Brochures of World War II
Publications about World War II and the US participation in the war -- Our brochures cover all military branches, military recruits, Naval reserves, ships, transports, servicewomen, and much more.
Illustrated discussion of the US Navy and our "two-ocean" Fleet, capable of protecting our coasts and combat-ready in either or both oceans. The Fleet is the heart of the Navy. All shore establishments, bases, auxiliary craft, and bureaus exist only to serve the Fleet.
Naval power does not lie in ships and planes alone, but in a combination of Men, Ships and Planes, and Bases. Bases are as vital to our National Defense as are the actual fighting ships of our Fleet.
The Battleship remains the backbone of the Fleet. The floating airport is logically called an Aircraft Carrier. Many light and heavy Cruisers and Destroyers are torpedo carriers, gun carriers, and depth charge carriers.
Planes are today an essential element of Sea Power. Modern Submarines are primarily designed to travel beneath the surface, employed both with the fleet or alone. Auxiliary combat craft includes Torpedo boats, Minelayers, Minesweepers, Gunboats, Patrol Vessels of numerous types, and Submarine Chasers. Torpedo Bomber, Fighter, Scout, and Patrol planes are essential to the US Navy.
The WAVES is an organization of women whose job is to replace Navy men at shore stations. The SPARS is an organization of women whose job is to replace Coast Guard men at shore stations. Discusses where you will serve, how you will live, Pay, and "Navy blue uniforms designed by the famous stylist Mainbocher to flatter every figure." (1943)
To every woman who wants a part in winning this war. Never in history have American women been offered such a chance to serve their country. Never has there been such an urgent need for their service. (1943)
The story of you in Navy blue is the story of the thousands of other women who serve their country and their flag as part of the United States Navy. (1944)
Lavishly illustrated brochure created in 1945 provides an incredible photographic record of the WAVE activities and life in Washington DC at WAVES Quarters D. The Women Accepted for Volunteer Emergency Service were definitely a "Pass in Review." (1945)
A job accomplished, a victory won. As WAVES have accepted their responsibilities as citizens in a nation at war, so may they contribute their efforts to the fullest in building a world at peace. Good luck and Godspeed. (1945)
Never in all history has the call for defenders of freedom been so urgent as at this moment. Brave men are needed — stout-hearted men —men who would rather fight to stay free than live to be slaves. NOTE: The GG Archives has two versions of this booklet: 1942-10-05 and 1942-08-06. (1942)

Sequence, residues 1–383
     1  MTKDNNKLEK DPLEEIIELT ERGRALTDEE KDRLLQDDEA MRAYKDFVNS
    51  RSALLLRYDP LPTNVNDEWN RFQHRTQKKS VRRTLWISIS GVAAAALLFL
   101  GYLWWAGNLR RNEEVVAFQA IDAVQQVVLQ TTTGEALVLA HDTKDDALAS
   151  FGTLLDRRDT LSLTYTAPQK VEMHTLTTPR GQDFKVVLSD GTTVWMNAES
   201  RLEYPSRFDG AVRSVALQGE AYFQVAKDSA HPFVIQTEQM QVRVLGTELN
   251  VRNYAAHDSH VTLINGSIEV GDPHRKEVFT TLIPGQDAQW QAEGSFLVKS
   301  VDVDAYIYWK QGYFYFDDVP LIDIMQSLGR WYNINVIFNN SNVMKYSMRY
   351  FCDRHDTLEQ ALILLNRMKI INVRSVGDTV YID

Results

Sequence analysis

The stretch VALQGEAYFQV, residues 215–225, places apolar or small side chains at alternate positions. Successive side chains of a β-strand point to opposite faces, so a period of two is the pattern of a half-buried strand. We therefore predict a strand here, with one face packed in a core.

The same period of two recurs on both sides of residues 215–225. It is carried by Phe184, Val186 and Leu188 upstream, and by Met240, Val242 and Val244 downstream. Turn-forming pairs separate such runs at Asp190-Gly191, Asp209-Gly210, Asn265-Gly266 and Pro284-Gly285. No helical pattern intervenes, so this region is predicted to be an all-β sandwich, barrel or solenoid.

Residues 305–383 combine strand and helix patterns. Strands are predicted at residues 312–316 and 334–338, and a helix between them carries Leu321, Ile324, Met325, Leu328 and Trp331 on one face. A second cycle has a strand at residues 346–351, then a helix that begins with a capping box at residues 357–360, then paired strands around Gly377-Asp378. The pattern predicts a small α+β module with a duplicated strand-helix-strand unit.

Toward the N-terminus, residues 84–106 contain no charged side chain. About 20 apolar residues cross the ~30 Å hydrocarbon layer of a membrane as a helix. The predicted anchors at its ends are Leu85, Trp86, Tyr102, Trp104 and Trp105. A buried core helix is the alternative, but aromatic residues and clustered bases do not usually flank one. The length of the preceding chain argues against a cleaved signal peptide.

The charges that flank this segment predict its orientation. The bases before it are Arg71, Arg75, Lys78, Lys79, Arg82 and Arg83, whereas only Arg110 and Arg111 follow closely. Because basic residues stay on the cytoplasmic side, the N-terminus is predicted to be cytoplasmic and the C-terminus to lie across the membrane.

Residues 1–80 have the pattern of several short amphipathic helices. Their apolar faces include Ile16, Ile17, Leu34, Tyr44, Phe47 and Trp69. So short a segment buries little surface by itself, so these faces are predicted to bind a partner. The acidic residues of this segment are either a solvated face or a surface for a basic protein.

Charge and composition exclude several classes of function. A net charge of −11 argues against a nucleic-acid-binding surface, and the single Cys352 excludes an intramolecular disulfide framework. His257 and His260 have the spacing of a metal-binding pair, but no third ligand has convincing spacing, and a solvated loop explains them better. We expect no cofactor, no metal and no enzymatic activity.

"Study-And How!" is a Comic book style, tongue-in-cheek look on how to manage time and learn the materials required to transform yourself from recruit to seaman. Issued during World War II in 1943. (1943)
On the pages of the book may be seen the way that many Recruits look upon their first eight weeks in the Navy. However, these cartoons reflect the lighter side of Recruit Training. Includes Autographs collected by the original owner at boot camp. (1944)
History and scenes of the Farragut USNTC including buildings, receiving new recruits, daily activities, recreation building, Shops, Cobbler, Tailer, Photograph, Mess Hall, Physical Exercises and Drills, Dispensary, Dentist, Sick Bay, U. S. Naval Hospital, Operating Room, Hospital Ward; Outgoing unit; Signalman School; Radio School; Quartermaster School; Main Post Office, Hostess House, Rifle Range, C.P.O. Recreation, Central Auditorium. (1944)
This was a pamphlet put out by the U.S. Navy in February 1944 and titled "Story of the Naval Air Training Center, Pensacola, Florida [The Annapolis of the Air]". The book was limited to 30,000 copies and has 44 pages and has information about officers and history of the base.There are pictures on all the pages
Because of the tremendous turnover of personnel and the rapid pace of training prompted by the exigencies of the war, altogether too few officers, cadets and enlisted personnel have the time to absorb the history, color and traditions that abound in Pensacola, the old Navy Yard, the Naval Air Station and the Naval Air Training Center. This Brochure Tells the Story. (1944)
Distributed by U. S. Navy Recruiting and Induction Service. 28 Pages provide an introduction and good things to know for the new recruit - what to expect on arrival and frequently asked questions. (1945)
Our Navy At War
A Report to the Secretary of the Navy, Covering our Peacetime Navy and our Wartime Navy and including combat operations up to March 1, 1944 By ADMIRAL ERNEST J. KING, U.S.N. Commander in Chief U. S. Fleet, and Chief of Naval Operations. (1944)